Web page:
Marietta McMullin



(by Wilma Cox Beal)

No one could write the history of Leeds without mentioning Marietta (Etta) McMullin Mariger. Her formal education started in the fall of 1890 in the old Leeds church house and school house combined.

Etta attended school in Leeds for ten years. Each year consisted of five months. She spent twenty-five years teaching school in Utah and Nevada. She taught mostly in South east Nevada where she held a life diploma to teach in the elementary school, and received teachers retirement benefits. During her teaching years, she wrote many short stories. This is probably why she was so well liked as our Literary Leader in Relief Society for many years. She was also the official quilt binder.

In October 1940, she and her husband, Vivian, returned to Leeds to retire. They made their home in Etta's parent's old home, which has been torn down to make way for the new chapel. Etta, with her green thumb, made the surrounding yards blossom as a rose. She had fruit trees, grape vines and beautiful lilac and rose bushes. Everyone wanted starts of her gorgeous Iris.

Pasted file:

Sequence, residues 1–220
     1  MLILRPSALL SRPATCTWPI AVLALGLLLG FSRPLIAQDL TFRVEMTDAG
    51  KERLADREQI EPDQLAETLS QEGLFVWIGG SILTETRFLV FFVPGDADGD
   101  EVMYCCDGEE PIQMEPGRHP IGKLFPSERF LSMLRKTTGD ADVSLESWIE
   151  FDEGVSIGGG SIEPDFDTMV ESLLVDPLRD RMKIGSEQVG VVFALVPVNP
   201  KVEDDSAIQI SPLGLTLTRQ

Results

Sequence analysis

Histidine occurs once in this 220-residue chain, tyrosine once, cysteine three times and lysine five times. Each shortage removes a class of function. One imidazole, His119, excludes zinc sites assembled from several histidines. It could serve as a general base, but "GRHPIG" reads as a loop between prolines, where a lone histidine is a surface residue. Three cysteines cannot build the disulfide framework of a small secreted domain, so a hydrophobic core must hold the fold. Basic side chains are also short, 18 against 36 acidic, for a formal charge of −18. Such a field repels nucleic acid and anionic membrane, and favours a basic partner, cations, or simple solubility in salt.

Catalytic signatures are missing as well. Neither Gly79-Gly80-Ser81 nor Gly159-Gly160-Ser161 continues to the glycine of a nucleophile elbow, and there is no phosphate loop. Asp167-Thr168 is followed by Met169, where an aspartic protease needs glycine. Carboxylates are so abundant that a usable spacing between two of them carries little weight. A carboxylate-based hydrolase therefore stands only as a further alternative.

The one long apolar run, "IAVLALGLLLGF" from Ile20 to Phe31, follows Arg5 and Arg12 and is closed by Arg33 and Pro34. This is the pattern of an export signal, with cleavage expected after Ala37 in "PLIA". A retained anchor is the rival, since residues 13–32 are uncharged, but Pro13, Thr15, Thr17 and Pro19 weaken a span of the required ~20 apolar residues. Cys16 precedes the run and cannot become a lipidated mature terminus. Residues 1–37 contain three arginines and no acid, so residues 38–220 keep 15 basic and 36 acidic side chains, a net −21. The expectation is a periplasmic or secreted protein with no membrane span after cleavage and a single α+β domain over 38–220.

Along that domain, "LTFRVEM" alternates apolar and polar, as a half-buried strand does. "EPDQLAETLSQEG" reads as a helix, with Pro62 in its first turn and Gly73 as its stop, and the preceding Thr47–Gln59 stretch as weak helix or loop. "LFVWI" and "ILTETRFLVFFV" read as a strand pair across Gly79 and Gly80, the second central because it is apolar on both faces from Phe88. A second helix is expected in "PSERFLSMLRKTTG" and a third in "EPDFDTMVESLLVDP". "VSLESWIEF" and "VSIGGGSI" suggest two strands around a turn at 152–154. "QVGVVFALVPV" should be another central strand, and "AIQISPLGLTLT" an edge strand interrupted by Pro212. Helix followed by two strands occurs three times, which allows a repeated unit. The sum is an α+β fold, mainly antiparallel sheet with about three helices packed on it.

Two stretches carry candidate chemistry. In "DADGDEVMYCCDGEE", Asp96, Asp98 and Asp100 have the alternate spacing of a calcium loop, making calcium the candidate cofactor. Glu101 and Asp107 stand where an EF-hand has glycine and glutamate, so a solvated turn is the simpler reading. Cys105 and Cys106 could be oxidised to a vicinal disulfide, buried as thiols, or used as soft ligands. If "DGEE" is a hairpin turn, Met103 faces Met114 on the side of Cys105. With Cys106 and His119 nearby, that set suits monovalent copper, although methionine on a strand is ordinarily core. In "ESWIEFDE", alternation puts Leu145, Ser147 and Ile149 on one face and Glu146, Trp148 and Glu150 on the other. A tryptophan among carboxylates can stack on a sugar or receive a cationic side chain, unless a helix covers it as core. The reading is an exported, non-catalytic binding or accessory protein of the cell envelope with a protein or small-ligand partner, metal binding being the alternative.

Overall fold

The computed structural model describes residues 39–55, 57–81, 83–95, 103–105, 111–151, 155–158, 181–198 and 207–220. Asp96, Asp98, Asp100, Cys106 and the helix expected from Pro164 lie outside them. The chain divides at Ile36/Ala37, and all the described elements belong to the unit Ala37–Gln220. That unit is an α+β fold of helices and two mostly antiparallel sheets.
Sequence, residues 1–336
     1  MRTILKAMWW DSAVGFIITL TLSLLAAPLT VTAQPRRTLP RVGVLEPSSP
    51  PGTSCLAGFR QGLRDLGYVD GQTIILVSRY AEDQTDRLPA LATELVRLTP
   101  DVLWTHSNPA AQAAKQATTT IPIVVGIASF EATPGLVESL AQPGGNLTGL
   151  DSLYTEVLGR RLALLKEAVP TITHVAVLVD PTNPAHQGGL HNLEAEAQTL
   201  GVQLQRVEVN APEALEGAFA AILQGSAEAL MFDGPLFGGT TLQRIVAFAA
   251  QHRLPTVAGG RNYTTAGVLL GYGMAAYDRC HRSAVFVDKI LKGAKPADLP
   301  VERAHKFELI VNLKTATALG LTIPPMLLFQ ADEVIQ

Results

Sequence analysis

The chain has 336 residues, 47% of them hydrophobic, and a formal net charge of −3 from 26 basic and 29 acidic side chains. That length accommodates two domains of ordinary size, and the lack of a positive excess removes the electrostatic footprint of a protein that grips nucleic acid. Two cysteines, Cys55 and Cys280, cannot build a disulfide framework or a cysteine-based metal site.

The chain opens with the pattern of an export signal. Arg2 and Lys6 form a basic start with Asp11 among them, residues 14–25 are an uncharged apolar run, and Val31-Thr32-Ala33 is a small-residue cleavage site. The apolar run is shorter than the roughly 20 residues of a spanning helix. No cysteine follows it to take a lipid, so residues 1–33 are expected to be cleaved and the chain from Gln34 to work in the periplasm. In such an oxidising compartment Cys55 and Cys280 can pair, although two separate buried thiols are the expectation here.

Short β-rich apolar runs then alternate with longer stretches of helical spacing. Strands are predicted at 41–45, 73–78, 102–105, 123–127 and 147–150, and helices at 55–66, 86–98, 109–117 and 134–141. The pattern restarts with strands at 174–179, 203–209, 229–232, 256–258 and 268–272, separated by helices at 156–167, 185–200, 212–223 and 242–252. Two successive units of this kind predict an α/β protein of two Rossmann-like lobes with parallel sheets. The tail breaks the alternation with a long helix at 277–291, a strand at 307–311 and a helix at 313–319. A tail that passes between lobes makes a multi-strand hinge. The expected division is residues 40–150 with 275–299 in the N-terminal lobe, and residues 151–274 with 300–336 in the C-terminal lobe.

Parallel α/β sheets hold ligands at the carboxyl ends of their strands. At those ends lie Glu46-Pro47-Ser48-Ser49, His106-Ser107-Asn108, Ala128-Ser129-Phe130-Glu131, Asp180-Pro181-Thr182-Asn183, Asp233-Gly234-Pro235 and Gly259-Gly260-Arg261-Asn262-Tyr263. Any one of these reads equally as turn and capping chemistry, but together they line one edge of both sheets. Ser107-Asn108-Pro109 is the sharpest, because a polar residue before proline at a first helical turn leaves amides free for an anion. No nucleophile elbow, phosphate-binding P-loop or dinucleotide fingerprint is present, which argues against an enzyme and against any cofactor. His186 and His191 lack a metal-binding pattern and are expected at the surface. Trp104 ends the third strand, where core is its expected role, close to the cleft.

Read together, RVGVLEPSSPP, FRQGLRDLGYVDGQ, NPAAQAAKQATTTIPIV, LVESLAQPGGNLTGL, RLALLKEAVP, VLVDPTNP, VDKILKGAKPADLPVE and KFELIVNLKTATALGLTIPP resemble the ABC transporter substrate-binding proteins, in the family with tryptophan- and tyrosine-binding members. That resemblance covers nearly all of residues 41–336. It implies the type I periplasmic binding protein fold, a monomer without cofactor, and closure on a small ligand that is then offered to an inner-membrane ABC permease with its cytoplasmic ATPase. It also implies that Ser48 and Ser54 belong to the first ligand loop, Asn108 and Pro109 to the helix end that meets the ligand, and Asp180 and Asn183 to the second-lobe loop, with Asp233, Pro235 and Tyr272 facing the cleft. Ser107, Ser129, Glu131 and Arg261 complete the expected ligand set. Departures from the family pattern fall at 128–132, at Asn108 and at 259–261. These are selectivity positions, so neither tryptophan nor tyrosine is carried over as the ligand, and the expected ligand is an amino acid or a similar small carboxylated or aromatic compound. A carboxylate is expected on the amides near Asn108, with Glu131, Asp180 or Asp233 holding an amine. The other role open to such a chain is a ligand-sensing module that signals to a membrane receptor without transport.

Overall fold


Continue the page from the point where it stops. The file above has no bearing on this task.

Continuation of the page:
Etta started the project of putting up new fences and landscaping the cemetery, and this included getting the water piped. Her many persistent letters to former Leeds residents bore fruit, and she lived to see the project completed.

A native of Leeds, Etta was born August 25, 1884. This took her back to the days where she had personal acquaintance with many pioneer families that settled Harrisburg and the mining people of Silver Reef. In fact, she is inseparably connected with the three towns. Her grandfather, Willard McMullin, lived in Harrisburg. Her father, Ira McMullin, lived in Leeds, and the two of them did the rock work on the Wells Fargo Building in Silver Reef.

Because Etta wrote the section on the Leeds Relief' Society in the book "Relief Society Memories of St. George Stake" she was assigned to write the stories of the three towns for the publication of Under Dixie Sun, published by the Washington County Daughters of Utah Pioneers. Etta devoted much time and effort to research, personal contacts and collections of photographs. Disappointed, when her material was so drastically cut in that publication, she put her own life savings into the publishing of Saga of Three Towns. She published two editions.

During the time of all these accomplishments, Etta was often in severe pain. In spite of this, she carried on.

Etta Mariger's book has made a valuable contribution to the recorded history of Washington County and its part in Utah's mining lore. She has left a great legacy, and Leeds has been greatly enriched by her life.

Taken from "Leeds Historical Events in Bits and Pieces" by Wilma Cox Beal
used with permission of Wilma Cox Beal children, 2002